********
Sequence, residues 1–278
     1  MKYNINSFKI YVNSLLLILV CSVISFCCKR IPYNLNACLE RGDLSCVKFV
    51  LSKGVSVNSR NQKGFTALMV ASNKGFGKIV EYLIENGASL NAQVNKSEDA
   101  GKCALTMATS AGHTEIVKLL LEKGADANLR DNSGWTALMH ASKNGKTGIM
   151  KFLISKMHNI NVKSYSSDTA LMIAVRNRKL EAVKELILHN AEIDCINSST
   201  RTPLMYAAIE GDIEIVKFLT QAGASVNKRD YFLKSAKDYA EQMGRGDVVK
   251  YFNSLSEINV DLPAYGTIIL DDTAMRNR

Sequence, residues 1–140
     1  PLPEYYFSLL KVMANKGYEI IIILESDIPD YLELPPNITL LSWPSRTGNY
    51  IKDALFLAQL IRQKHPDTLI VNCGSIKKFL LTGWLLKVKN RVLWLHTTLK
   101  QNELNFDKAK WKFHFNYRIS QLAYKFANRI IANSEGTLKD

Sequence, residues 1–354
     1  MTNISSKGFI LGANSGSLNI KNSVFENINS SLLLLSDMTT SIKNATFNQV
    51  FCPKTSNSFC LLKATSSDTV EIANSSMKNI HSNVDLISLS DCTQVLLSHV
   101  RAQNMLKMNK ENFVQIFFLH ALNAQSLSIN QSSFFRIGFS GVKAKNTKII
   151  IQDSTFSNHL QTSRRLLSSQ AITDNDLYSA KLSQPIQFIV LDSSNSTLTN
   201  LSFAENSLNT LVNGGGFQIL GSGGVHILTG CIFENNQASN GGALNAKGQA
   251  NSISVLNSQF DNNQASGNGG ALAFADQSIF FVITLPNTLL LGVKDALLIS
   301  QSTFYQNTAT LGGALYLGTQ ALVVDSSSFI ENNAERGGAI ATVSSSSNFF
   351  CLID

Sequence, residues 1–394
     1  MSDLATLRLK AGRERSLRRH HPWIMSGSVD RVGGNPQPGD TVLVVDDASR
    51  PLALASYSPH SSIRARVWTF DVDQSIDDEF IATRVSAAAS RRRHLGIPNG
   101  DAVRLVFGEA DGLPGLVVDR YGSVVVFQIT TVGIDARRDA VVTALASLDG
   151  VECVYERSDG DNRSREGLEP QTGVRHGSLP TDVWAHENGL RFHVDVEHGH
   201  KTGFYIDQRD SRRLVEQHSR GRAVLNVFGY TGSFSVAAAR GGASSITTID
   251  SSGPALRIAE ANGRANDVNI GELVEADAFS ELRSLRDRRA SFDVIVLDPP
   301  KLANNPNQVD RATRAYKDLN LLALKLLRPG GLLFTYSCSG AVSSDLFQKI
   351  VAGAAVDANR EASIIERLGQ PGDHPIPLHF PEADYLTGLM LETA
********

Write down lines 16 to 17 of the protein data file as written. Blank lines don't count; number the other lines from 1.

   151  IQDSTFSNHL QTSRRLLSSQ AITDNDLYSA KLSQPIQFIV LDSSNSTLTN
   201  LSFAENSLNT LVNGGGFQIL GSGGVHILTG CIFENNQASN GGALNAKGQA